If you have debt problems and you need a new financial beginning then bankruptcy can help you achieve this most of the time. What happens if you have a reverse mortgage though? Can you still file for bankruptcy protection or will you need to choose another debt relief option instead? In a majority of cases a reverse mortgage will not prevent you from getting debt relief by filing for bankruptcy. This type of mortgage provides cash from the equity that has been built up in the property, and there are many different types of these contracts that may be entered into.
If you have a reverse mortgage this may allow you to discontinue making mortgage payments at all. You may also be able to use a line of credit or receive a check that you can cash as some of the possible features. You must meet the qualification criteria for this type of program, and you will also need to consult with an experienced bankruptcy lawyer to ensure that you get accurate legal advice in this area. The exact contract that was used can determine how your bankruptcy case may be affected.
Most of the time a reverse mortgage has specific age requirements, and you will usually need to be at least 62 years old before you can take advantage of these programs. You will normally be required to have a considerable amount of equity built up in the property. Most lenders will not loan more than 50% of the accrued equity in a residence, even if all of the other criteria are met. These contracts can offer a wide range of benefits, and can include certain features that are preferred. You may choose to take a one time lump sum, you could receive monthly payments, or you may choose a lender that offers a line of credit instead. Each of these may impact any bankruptcy case differently.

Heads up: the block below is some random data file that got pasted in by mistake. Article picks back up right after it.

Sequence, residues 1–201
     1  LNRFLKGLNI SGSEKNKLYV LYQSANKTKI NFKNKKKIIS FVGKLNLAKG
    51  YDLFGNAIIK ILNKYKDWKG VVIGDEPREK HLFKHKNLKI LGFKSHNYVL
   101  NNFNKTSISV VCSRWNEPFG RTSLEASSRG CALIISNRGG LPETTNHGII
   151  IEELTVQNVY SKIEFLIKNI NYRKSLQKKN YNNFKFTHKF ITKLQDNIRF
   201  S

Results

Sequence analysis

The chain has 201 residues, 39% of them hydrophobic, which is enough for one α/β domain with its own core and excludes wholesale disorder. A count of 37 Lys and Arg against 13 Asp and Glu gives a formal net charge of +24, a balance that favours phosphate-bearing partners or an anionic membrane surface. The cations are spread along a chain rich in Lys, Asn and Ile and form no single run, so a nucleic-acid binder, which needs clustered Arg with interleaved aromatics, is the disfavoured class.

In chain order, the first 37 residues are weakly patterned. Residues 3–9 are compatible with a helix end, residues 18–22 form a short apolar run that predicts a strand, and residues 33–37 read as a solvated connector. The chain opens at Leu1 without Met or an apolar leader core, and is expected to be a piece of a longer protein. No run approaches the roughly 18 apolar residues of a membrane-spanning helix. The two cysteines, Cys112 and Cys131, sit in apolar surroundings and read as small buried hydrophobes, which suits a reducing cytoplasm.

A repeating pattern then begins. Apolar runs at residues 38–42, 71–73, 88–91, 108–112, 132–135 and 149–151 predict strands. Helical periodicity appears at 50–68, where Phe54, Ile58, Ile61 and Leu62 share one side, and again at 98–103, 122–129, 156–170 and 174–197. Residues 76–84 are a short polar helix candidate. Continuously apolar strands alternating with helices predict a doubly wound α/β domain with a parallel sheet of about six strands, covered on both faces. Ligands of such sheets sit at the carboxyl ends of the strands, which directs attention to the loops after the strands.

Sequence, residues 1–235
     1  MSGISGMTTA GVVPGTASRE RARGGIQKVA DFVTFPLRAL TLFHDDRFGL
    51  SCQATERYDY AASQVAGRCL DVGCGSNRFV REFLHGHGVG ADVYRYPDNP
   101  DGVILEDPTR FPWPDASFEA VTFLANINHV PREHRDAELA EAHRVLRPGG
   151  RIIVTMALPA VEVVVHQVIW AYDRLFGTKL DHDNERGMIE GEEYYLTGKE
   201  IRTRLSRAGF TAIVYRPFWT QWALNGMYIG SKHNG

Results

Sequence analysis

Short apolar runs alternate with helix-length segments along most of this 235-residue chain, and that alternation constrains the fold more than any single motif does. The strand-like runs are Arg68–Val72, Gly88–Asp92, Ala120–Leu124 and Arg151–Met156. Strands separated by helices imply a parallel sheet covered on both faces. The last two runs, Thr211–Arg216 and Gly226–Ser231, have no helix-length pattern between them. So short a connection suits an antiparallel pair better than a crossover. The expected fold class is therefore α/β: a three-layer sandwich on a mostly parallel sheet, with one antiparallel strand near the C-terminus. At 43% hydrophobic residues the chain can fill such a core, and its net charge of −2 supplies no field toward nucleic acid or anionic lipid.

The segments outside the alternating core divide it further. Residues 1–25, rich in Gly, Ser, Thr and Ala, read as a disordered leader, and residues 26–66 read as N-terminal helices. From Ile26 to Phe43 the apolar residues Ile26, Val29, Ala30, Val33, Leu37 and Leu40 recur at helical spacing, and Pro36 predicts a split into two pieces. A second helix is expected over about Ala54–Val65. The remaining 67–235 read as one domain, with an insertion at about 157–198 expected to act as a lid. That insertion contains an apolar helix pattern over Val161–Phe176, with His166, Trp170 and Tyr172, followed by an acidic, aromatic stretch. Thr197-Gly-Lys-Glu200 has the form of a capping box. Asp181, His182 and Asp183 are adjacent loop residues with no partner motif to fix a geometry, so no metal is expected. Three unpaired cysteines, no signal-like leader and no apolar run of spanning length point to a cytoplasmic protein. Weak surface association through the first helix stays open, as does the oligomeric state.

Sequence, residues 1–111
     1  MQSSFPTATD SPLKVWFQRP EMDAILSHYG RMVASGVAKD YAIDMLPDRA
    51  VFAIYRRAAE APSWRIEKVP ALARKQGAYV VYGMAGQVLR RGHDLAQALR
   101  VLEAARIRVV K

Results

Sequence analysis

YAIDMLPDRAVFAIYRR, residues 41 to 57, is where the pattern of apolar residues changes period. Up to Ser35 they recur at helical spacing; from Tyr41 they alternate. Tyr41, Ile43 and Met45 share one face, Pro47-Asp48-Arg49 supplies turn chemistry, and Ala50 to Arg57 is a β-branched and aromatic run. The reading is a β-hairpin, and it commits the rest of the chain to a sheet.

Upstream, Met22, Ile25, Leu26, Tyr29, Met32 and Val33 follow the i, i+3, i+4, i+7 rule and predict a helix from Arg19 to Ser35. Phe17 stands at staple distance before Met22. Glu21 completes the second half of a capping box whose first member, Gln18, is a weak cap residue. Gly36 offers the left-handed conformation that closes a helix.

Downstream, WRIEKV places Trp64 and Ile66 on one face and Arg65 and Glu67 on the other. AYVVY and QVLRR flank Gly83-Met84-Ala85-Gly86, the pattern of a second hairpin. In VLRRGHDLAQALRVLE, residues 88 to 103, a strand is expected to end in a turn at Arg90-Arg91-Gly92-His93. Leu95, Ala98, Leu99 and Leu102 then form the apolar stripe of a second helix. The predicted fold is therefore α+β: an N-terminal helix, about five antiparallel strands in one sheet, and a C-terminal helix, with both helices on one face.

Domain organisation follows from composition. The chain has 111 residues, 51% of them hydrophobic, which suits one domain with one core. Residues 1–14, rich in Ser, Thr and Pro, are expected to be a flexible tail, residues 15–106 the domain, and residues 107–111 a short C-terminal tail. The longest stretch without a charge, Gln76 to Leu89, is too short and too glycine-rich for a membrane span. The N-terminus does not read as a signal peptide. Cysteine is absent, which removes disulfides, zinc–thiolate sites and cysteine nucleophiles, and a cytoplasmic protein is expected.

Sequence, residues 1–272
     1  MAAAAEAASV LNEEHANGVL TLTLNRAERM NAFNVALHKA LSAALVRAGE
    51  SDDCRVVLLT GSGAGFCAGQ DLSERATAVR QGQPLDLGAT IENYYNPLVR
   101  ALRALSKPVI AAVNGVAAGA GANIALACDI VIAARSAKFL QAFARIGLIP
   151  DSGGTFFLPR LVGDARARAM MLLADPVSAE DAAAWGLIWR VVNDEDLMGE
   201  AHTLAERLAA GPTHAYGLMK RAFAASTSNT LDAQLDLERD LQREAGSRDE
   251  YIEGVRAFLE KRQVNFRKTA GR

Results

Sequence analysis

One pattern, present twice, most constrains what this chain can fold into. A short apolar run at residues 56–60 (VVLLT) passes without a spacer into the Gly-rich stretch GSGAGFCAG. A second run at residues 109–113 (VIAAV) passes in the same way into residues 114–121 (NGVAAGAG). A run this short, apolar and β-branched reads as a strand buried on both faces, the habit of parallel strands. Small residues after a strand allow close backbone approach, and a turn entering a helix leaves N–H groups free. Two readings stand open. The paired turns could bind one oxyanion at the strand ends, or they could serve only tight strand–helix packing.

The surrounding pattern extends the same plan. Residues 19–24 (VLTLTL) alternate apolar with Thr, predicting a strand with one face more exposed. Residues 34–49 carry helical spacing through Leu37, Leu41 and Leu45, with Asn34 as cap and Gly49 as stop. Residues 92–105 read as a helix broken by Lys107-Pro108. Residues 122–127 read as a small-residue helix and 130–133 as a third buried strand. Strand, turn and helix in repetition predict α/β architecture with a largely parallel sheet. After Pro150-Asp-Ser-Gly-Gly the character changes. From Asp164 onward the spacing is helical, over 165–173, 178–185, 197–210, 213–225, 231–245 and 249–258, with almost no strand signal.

If you choose a reverse mortgage with a lump sum payout then the timing of the payment can be very important. If the money was received more than 6 months before you file then your bankruptcy case may not be affected at all. A line of credit may or may not affect the case, depending on your specific situation. If you receive a monthly stipend from the lender then this may need to be reported and counted as income in the bankruptcy petition and proceedings. That can mean the difference between filing under chapter 7 or chapter 13 of the bankruptcy code.
If you have a reverse mortgage and you are considering bankruptcy because you need debt relief and a new start in your financial life then you should consult a qualified bankruptcy lawyer as soon as possible. The equity that you have in the home, any mortgage balance, and the type of contract involved are all important factors that can impact how any potential bankruptcy case turns out. The right debt relief specialist can offer advice on how to protect as much property and income as possible. Sometimes you may need to reaffirm the reverse mortgage debt to continue receiving payments.